But the judge also rejected Apple's argument that the case should be dismissed because it's too late to name a new plaintiff. She ordered the attorneys suing Apple to identify a new person, by Tuesday, who can serve as a lead plaintiff.
Both sides estimate about 8 million people bought iPods that are potentially affected by the lawsuit, which focuses on Apple's use of restrictive software that prevented iPods from playing music purchased from competitors of Apple's iTunes store. The plaintiffs say that amounted to unfair competition and that Apple was able to sell iPods at inflated prices because the software froze makers of competing devices out of the market.
While the plaintiffs argue the overcharges amounted to $350 million, Apple could be ordered to pay triple that amount if the jury finds it violated federal antitrust rules.
While the plaintiffs' lawyers represent the entire class of 8 million, class-action rules say the suit must identify at least one person as a "named plaintiff" who suffered the losses or injuries alleged in the case. Rosen had previously said she purchased several iPods that qualified, but Apple attorneys produced evidence that those devices either had the wrong software or were purchased outside the time frame of the lawsuit. A series of pretrial rulings had narrowed the case to covering just 19 months between September 2006 and March 2009.
Late last week, Rosen and her attorneys said she had purchased two other iPods in 2008. But Apple lawyers produced records that showed they were purchased with a credit card issued to the law firm of Rosen's husband. Apple attorney William Isaacson argued that meant she was not legally the purchaser.
Judge Rogers ruled late Monday that Rosen's purchases are "inadequate" to represent the whole class. And the judge showed impatience at having to deal with the question after jurors had already heard a week of testimony.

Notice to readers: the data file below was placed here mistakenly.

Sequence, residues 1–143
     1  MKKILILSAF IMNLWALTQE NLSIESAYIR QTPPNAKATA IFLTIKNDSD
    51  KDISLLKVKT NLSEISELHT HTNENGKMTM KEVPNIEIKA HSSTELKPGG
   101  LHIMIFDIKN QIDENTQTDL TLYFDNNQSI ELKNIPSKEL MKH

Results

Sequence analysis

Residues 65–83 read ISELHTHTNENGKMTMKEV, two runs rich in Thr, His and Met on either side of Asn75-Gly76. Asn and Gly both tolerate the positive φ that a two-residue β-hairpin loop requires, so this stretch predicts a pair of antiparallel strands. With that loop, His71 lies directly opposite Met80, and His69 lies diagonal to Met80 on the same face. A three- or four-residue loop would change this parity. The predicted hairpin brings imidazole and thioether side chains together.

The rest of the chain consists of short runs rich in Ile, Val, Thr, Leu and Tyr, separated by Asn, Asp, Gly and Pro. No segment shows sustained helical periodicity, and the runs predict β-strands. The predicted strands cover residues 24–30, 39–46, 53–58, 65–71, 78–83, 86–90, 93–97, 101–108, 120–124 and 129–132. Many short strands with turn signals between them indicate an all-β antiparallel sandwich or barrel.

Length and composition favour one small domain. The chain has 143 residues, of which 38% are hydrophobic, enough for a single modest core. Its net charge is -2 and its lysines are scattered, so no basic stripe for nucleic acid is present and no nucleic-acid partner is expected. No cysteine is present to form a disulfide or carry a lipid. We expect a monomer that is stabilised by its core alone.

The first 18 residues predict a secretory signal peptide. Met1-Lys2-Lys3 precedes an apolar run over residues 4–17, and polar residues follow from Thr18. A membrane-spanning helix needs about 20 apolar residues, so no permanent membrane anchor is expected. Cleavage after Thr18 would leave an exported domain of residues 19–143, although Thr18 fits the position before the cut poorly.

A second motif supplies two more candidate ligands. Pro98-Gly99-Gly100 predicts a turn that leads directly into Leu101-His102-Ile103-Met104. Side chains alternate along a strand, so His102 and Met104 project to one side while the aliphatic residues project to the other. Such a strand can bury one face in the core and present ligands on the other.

"I am troubled," the judge said, citing Rosen's failure to adequately account for her iPod purchases and "the failure of plaintiffs' counsel themselves to investigate sufficiently." But the judge said she has an obligation to the "millions of absent class members" to let the case continue if another lead plaintiff can be identified.
Two other plaintiffs had earlier withdrawn because their iPods were not covered by the lawsuit.
Plaintiffs' attorney Bonny Sweeney said her office has heard from a number of volunteers since the issue made headlines last week. "There are plaintiffs who stand willing and ready to step in and we will have them in court tomorrow," she told the judge.
The judge curtly ordered Sweeney to give the candidates' names to Apple's lawyers Monday night, so Apple can have a chance to review whether they are eligible.
Apple lawyers insisted Monday they weren't happy about discovering the glitch. Although he argued in court briefs that the suit would have to be dismissed, Isaacson told the judge Monday, "We want to win this case on the merits." Outside court, he told reporters the issue may eventually be decided by a court of appeal.
When asked whether Apple plans to investigate the qualifications of any new plaintiff, Isaacson answered with one word: "Completely."